Visual and chemical cues – does EE2 exposure affect male mate choice of a freshwater fish? (#437)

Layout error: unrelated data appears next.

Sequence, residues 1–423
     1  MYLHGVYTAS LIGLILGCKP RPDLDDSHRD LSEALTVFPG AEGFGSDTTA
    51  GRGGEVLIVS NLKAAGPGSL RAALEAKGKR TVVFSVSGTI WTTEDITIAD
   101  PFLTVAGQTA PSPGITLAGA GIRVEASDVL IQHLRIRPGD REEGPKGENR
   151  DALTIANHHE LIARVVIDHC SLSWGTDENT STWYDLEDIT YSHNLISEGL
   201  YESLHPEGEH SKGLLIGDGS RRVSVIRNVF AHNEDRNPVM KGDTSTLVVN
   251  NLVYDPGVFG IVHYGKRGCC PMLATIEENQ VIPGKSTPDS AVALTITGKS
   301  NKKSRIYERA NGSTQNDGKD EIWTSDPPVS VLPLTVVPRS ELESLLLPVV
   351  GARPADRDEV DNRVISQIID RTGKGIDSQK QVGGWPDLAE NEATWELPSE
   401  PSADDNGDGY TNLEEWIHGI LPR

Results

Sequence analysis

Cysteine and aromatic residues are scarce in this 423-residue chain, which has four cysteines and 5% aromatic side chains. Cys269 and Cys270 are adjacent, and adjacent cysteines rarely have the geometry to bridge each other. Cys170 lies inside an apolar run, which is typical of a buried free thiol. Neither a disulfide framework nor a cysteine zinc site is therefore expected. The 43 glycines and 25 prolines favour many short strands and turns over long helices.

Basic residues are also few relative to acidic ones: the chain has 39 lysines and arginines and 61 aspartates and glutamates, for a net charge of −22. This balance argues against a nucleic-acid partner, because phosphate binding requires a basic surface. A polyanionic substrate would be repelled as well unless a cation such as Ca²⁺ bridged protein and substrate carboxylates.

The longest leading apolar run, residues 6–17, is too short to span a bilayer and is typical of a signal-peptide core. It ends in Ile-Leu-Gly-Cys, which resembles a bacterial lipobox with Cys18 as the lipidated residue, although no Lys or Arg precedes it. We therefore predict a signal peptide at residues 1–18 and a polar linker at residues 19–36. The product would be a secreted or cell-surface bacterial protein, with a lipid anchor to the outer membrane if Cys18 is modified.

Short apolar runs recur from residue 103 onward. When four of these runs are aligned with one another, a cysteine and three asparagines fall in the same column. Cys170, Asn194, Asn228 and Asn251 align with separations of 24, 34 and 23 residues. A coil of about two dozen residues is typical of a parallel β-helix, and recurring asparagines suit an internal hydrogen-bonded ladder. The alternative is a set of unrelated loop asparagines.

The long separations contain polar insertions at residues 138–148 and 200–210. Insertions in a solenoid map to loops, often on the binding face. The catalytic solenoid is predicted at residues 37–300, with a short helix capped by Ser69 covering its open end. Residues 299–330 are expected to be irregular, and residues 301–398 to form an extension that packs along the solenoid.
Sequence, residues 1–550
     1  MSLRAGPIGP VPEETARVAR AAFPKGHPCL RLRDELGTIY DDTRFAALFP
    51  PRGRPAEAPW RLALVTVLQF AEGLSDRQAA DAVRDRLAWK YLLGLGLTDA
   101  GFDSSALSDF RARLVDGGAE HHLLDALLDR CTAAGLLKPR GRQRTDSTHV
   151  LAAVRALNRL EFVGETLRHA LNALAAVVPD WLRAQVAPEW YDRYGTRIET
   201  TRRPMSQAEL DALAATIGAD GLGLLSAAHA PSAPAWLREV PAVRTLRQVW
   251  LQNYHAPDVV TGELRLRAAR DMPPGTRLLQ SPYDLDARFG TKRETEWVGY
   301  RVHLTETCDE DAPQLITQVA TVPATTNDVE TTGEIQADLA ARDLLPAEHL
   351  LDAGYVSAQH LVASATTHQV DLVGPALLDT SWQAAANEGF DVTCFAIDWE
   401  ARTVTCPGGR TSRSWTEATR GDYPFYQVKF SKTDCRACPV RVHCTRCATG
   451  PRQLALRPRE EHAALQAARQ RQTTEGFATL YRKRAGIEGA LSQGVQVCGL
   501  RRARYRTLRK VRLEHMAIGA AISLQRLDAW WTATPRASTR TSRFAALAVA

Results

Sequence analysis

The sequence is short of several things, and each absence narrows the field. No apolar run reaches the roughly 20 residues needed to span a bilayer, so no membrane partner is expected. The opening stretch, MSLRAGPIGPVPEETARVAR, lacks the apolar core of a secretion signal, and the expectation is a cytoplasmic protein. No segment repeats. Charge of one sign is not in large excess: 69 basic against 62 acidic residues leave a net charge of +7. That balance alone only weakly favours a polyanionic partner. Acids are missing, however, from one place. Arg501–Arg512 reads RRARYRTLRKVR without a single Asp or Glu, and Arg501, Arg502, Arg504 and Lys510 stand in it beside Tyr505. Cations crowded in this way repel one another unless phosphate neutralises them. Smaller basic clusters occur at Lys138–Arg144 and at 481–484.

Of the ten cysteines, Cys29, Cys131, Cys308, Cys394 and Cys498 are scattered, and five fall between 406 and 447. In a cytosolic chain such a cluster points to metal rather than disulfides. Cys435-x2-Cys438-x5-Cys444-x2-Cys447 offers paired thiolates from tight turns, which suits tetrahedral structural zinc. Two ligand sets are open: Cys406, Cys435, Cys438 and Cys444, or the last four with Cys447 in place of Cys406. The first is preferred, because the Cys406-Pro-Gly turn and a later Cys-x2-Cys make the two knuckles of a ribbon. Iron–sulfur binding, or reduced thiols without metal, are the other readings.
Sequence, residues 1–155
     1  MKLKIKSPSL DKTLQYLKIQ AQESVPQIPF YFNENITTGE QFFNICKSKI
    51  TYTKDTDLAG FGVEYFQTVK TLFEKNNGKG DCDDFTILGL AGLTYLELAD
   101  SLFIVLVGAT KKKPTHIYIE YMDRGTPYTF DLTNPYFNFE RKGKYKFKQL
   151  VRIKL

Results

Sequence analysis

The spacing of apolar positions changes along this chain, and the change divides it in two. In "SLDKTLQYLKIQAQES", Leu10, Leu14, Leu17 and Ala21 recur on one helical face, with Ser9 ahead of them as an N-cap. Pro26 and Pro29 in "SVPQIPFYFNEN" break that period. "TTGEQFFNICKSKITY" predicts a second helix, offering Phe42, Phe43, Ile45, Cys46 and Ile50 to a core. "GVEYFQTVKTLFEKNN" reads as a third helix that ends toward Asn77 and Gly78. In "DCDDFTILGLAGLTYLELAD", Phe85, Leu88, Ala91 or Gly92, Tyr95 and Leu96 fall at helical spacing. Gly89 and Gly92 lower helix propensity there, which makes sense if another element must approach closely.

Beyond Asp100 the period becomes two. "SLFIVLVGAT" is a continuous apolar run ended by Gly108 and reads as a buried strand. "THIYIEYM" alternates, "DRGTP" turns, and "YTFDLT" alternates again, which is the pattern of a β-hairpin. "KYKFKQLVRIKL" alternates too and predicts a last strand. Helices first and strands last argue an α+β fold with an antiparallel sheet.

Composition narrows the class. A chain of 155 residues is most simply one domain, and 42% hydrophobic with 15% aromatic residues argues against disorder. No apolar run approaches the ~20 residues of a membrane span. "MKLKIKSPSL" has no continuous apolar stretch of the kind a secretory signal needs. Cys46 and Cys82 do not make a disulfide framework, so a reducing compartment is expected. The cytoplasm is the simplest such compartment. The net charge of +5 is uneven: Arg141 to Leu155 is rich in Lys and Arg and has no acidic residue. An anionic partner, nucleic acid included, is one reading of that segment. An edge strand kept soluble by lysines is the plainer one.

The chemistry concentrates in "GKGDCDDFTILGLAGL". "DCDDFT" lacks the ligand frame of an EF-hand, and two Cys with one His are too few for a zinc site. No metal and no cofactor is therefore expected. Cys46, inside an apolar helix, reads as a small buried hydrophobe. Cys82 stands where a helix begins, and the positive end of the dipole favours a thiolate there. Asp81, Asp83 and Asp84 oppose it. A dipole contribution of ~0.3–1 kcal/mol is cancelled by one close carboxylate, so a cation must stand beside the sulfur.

Aquatic habitats are increasingly being exposed to chemicals that, even at low levels, can disturb the endocrinology of organisms. The morphological and physiological consequences of exposure to these endocrine disrupting chemicals are well known, yet their effects on behavior have received less attention. The aim of this study was to investigate the impacts of short-term (24-day) exposure to an environmentally relevant concentration (5ng/L) of 17α-ethinyl estradiol (EE2) – the active ingredient of the oral contraceptive pill - on male mate choice in the guppy. To do this we asked: 1) Do males discriminate between exposed and control females when only presented with visual cues? 2) Do males discriminate between exposed and control females when presented only with chemical cues? To investigate the impact of EE2 on visual and chemical communication of guppies a male was presented with a choice between (1) the visual cues of an exposed and a control female, and the following day (2) the odour cues of an exposed and a control female. Behaviour of both sexes was video-recorded. We found that EE2-exposed males spent more time associating with exposed females when they could only use visual cues. By contrast, when they were given only chemical cues to choose from, EE2-exposed males visited control female chemical cue more often than EE2-female cue. Interestingly, control females spent significantly more time associating with control males and repeated that behaviour more often than EE2-exposed females. Our study shows that exposure to EE2 alters male mate choice and female behaviour in the guppy. This is the first study to show that EE2-exposure does not impair male ability to sense or respond to chemical cues. Not only does our study uncover a previously unknown behavioural impact of EE2-exposure on female behaviour, but highlights the need to study multiple mate choice cues contemporaneously.